Aggregate Potential

General

Golden Queen Mining Company, LLC proposes an aggregate and construction materials business that will be developed once the heap leach operation is in full production, based on the location of the Project in southern California with close proximity to major highways and railway lines.

The California Department of Transportation projects aggregate demand of approximately 13 million tons per year for the area surrounding Palmdale, Lancaster, and Rosamond and less than 27% of this demand can be met from existing permitted resources. Similarly, estimates suggests that demand from the area surrounding Bakersfield is approximately 5 million tons per year for the next 50 years, and less than 46% of this demand can be met from existing permitted resources.

California updated its analysis of permitted aggregate reserves compared with 50-year projected aggregate demand in 2012. The analysis is available at www.consrv.ca.gov/cgs/information/publications/ms/Documents/MS_52.pdf, and the accompanying map of aggregate supply and demand centers is available at www.conservation.ca.gov/cgs/information/publications/ms/Documents/MS_52_2012.pdf

Former Governor Schwarzenegger recognized the need for local sources of aggregate in California and signed Senate Bill 420 in 2006. Senate Bill 420 requires the California Department of Transportation to use recycled aggregates in State paving projects where economical. In this instance, the waste rock from the Project would constitute a recycled waste product consistent with Senate Bill 420.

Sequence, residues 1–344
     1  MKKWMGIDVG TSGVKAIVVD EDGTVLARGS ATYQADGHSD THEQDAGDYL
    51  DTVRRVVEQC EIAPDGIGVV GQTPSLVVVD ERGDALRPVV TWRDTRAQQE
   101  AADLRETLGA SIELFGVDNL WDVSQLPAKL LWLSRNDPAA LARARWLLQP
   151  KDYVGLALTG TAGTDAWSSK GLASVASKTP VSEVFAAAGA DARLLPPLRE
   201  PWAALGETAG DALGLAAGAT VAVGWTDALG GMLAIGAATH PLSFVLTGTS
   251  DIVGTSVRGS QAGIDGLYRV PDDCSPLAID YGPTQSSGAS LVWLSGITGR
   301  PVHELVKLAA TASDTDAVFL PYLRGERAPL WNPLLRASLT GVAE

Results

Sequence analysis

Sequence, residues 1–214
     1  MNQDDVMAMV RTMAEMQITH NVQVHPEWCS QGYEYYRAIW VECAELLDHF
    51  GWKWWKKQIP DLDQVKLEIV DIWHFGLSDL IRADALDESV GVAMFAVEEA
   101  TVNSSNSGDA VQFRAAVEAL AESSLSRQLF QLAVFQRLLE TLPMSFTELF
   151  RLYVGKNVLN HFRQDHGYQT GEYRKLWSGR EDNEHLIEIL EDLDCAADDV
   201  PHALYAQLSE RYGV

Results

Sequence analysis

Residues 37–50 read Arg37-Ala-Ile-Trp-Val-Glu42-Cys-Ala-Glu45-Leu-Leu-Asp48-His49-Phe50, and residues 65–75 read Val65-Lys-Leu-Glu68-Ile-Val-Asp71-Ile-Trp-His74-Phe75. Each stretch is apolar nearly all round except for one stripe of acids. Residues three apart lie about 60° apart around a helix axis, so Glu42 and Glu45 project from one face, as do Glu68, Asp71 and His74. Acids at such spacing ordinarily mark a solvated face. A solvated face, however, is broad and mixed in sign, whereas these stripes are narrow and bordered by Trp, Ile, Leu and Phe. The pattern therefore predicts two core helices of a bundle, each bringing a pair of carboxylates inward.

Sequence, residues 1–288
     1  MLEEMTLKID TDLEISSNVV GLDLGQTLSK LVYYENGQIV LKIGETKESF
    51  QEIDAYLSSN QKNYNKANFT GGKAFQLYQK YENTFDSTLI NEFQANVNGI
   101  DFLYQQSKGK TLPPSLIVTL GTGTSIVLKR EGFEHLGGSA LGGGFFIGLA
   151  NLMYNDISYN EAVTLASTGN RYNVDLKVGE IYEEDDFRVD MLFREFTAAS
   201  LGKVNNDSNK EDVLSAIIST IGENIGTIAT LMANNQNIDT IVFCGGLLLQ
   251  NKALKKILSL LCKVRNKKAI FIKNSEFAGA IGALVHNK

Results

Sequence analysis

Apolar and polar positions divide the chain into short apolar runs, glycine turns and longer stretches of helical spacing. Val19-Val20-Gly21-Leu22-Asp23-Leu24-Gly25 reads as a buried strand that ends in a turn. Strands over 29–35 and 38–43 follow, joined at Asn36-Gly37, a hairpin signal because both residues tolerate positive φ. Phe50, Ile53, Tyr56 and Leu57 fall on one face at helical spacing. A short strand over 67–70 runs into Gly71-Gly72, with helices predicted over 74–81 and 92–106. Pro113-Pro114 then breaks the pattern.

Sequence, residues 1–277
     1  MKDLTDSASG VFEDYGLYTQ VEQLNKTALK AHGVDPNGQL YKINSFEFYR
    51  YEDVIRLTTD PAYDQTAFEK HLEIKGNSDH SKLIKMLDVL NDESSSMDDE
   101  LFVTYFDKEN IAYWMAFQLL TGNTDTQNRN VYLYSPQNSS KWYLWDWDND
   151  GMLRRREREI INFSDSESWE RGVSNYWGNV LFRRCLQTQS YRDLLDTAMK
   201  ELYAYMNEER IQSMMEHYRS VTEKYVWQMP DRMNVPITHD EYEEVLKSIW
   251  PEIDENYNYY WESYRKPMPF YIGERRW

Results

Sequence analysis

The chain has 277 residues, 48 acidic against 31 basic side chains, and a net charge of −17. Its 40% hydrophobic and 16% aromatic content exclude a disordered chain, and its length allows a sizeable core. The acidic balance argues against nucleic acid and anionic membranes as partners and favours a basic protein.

Aggregate Production from Waste Rock

Research suggests that up to 1 million tons of waste rock could be sold into the southern California aggregates market annually. The source of raw materials will be quality waste rock stockpiled on a level pad east of the East Pit. The waste rock can be classified into a range of products such as riprap, crushed stone, and sand with little further processing.

Every effort will be made to proceed with processing of the waste rock as early in the life of the mine as possible and it is expected that this can proceed shortly after the start of pre-production mining. Closing reclamation of the facilities required for the processing of waste rock, including the storage pad, will remain the Company’s responsibility.

There is some history of producing aggregates from the site and from neighbouring properties. E.L. Yeager Construction Company mined waste rock on the North-west ridge in 2001/2 to obtain rip-rap for the Mojave bypass. Approximately 10,000 tons was shipped. Granite Construction Company leased the Standard Hill property immediately northeast of the Project to produce and sell aggregate for upwards of 20 years.

An Economic Advantage

There are three key elements that should create advantages for the Company as an aggregate producer:

  • The run-of-mine waste rock and sand will be produced as a by-product from a mining operation. This should give the Project an economic advantage as an aggregate producer in comparison with producers that have to mine rock or obtain sand from alluvial deposits to produce aggregate.
  • Available infrastructure on site will have an important impact on the cost of producing aggregate and shipping aggregate or final products to market.
  • It has become difficult to obtain permits for new quarry developments in southern California. The Project has its permits in place and this should be a distinct advantage for an aggregate producer that wishes to work with the Company as a sub-contractor on site or as partner in a bulk concrete products facility on site.

It is important to note that no contributions from the sale of aggregate products will be included in the cash flow projections until long-term contracts for the sales of products are secured.

✲ This is forward-looking information and includes risks and assumptions. Click here to see our statement on forward-looking information.

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